Union had been the stronger side so far, Rousillon and Juranovic were always looking to hit balls into the channels from deep, they covered mile after mile on their flanks. Rousillon, who had his best performance of an already impressive Union career, particularly was a whirlwind of energy again on the left. If one tackle on Frimpong after 25 minutes was a masterpiece when it would have been so easy to go through him and concede a foul, another, five minutes later, was done with perfect, simple elegance.

Frimpong was having a hard time, losing his footing easily on the soft turf a couple of times. But Rousillon’s attentions weren’t helping him. He was everywhere, outjumping Wirtz after that springing like he was on a trampoline. The way he booted Diaby’s scuffed shot away, when he had time to make Rönnow save at least, was effusive.

He got in front of Frimpong again on 45 minutes, when the luckless striker finally found an inch of space and a bit of solid ground upon which to balance on.

Bayer started to see more of the ball, but Rousillon’s energy was allowing Haberer to drop deeper into midfield, giving Leverkusen no time to put their foot on the ball.

Juranovic’s free kick just evaded Knoche in the box, Edmond Tapsoba was then lucky to get away with a telling off for a foul on Jordan as Union threatened to break down the middle.

Haberer and Jordan then combined with a headed one-two, winning a corner on the left for Union with five minutes to go. Juranovic hit it dangerously into the box, but Leite could only flick his header wide of the far post, and the sides went into the break still level.

Union’s defence show their mettle

The second half started at a furious pace, Frimpong shooting over in the first minute before Laidouni shot over only a minute later, following Jordan’s knock-down. The two then combined sweetly on the right, Jordan hooking the ball around a bamboozled Piero Hincapie. Rönnow had to be on his toes to stop Mitchel Bakker’s cross before Hlozek could get on the end of it.

Becker hit a delightful first-time, volleyed cross with his left from the touchline near the stroke of the hour.

Meanwhile, Union were equal to everything Leverkusen could throw at them. Laidouni’s tackle on Bakker on the opposite flank was powerful and timed to perfection. He roared to the crowd afterwards, they were enjoying themselves. Wirtz tried to trick his way through the middle but found himself crowded out; Doekhi got in front of him a moment later to clear the ball away without fuss. Leite and Knoche stopped Diaby as he charged into the box on the inside right.

And the crowd grew louder and louder as Union pushed up. Becker shot over from an angle following another excellent intervention from Rousillon. Then the ball went out for a corner following his sharp, flat cross in before it reached Laidouni.

Xabi Alonso made a double change after an hour, taking off Diaby and Hlozek, a testament to how well Union had played his vaunted strikers out of the game. Fischer made a change of his own with 20 minutes to play – fittingly, as the sun burst out from behind the gloom for the first time - Andras Schäfer making a very welcome return from his long lay-off, coming on for the excellent Laidouni.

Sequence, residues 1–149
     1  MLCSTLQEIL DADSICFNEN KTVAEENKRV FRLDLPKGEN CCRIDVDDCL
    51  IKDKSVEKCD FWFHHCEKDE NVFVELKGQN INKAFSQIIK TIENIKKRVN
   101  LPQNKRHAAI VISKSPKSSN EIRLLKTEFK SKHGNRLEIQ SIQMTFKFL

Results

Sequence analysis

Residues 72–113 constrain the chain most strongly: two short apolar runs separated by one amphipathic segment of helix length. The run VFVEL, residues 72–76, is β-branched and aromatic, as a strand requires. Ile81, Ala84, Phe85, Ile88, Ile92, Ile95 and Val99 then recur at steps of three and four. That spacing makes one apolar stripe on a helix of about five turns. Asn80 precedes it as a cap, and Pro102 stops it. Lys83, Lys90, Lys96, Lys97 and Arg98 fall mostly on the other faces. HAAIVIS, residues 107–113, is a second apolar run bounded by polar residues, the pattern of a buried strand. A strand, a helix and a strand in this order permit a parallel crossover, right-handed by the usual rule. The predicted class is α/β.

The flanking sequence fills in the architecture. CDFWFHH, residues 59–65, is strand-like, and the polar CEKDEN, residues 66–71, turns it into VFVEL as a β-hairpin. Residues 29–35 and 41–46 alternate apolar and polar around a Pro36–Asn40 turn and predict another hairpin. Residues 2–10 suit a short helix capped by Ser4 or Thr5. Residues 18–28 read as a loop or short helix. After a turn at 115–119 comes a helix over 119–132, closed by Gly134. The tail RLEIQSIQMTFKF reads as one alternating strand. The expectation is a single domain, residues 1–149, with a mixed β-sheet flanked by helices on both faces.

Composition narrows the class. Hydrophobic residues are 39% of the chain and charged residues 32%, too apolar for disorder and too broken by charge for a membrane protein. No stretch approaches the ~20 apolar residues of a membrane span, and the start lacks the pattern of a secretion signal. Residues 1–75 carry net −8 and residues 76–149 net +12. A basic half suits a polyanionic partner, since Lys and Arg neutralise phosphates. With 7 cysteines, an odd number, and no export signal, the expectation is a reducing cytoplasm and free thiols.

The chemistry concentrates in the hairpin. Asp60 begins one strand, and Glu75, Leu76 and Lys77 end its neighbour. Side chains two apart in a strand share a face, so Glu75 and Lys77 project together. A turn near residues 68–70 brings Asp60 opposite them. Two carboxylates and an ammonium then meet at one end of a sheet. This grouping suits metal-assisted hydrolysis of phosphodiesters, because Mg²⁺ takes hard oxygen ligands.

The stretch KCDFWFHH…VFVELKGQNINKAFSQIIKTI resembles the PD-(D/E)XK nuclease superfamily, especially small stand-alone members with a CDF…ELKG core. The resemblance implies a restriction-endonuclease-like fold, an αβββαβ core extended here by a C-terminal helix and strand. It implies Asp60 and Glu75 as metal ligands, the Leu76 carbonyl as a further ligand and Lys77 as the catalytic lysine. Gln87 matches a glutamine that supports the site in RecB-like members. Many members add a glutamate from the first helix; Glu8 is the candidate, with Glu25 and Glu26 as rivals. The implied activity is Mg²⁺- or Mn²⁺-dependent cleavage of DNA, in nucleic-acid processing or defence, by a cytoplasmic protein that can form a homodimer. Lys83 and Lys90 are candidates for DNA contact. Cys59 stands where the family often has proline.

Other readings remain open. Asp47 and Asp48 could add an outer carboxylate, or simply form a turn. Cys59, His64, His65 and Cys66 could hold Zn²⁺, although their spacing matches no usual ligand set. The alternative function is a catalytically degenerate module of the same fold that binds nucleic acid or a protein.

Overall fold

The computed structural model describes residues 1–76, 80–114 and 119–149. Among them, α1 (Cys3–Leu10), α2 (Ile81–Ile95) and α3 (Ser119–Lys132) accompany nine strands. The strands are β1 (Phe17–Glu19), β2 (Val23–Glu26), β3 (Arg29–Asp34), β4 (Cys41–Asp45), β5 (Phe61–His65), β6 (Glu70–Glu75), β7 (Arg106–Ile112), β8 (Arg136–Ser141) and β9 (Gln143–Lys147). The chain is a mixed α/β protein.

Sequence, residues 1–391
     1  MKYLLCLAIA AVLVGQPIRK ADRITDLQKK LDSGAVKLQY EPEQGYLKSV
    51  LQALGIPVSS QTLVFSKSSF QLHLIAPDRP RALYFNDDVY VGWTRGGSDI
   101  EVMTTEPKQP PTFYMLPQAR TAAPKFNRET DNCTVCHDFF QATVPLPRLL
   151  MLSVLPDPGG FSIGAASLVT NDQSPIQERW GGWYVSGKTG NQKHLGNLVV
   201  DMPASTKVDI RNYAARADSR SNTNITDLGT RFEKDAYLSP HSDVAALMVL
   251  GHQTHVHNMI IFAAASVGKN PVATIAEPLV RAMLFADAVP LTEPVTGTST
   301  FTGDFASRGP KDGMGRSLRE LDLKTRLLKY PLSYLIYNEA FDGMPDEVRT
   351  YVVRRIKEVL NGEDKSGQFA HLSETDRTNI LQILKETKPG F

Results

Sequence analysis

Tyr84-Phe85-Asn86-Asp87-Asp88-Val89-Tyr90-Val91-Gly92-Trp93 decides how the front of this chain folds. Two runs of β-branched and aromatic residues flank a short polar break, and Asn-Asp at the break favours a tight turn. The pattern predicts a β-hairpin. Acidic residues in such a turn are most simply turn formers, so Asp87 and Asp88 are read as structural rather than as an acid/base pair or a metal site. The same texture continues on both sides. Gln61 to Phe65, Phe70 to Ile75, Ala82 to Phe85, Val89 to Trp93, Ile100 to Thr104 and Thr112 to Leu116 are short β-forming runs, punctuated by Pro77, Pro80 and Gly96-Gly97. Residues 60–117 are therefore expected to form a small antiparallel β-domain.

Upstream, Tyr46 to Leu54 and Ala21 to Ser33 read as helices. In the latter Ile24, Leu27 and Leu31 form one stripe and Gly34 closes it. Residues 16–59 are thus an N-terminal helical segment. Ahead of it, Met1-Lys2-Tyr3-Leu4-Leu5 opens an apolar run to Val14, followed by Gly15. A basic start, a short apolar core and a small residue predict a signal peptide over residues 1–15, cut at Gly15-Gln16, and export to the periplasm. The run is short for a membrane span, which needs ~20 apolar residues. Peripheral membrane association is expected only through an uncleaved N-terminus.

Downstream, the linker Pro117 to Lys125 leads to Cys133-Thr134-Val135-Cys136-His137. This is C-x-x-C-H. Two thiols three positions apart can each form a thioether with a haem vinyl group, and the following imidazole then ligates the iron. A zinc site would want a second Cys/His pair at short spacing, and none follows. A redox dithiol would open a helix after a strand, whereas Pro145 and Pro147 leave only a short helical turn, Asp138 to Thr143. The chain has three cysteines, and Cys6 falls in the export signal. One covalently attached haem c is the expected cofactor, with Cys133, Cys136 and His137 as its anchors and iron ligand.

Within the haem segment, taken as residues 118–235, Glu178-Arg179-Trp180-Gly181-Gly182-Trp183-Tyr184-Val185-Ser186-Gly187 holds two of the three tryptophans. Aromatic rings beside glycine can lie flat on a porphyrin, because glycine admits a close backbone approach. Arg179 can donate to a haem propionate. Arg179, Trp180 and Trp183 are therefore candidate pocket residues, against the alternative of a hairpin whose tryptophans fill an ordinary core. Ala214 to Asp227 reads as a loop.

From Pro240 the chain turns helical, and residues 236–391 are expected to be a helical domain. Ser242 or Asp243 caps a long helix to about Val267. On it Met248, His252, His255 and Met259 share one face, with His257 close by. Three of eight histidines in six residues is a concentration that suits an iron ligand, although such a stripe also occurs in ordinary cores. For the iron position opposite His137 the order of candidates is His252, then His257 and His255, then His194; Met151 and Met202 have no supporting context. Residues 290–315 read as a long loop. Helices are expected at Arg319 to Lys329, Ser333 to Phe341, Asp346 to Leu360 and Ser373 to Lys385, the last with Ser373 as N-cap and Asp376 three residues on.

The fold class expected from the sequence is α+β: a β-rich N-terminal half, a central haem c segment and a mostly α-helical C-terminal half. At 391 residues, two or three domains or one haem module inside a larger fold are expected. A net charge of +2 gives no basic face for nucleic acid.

As a testament of Union’s will, Juranovic chased back 35 yards to chase down the substitute, Sardar Azmoun, and it was hard to say who was the player who’d just come on and who was the one who hadn’t.

As did the strength Jordan showed to bring down a long ball with his chest, shaking off his man to set Becker away on the left, his cross / shot giving Hradecky a sudden flash of fear as it hung in the air, threatening briefly to drop under the crossbar.

Jordan went off alongside Haberer with just under 15 minutes to go, the former having justified the coach’s faith in him. He’d been immense; strong, but with the patience of a saint. He had held up play, and spurred it on, too. They were replaced by Michel and Thorsby; Thorsby immediately rattling into a tackle on Amine Adli as he came back over the half way line.

And even as Bayer finally started to put their passes together in the final ten minutes there was always someone there to stop them in their tracks, be it Juranovic on Wirtz, or Doekhi on Azmoun, or Leite on Azmoun with a couple of minutes to play. He immediately fed Schäfer who found Becker running past Kossounou on the left. Thorsby, however, couldn’t quite get on the end of the cross.

To round off his day, Rousillon then pulled up with cramp having charged half the length of the pitch, sliding with his last bit of energy to stop a Leverkusen break. He had given everything, and was taken off straight away. He had set the tone for a superb performance; battling, passionate and utterly determined. As had his opposite number, Juranovic, and the back three of Leite, Knoche and Doekhi.

And as Tapsoba lofted a ball over Union’s impenetrable, solid wall of a defence for a final time to no-one, he knew the game was up. Everyone did.

For all the talk may well have been about the strikers – and they had performed superbly, too – this well-deserved point belonged to the foundation, the bulwark, that impermeable back-line.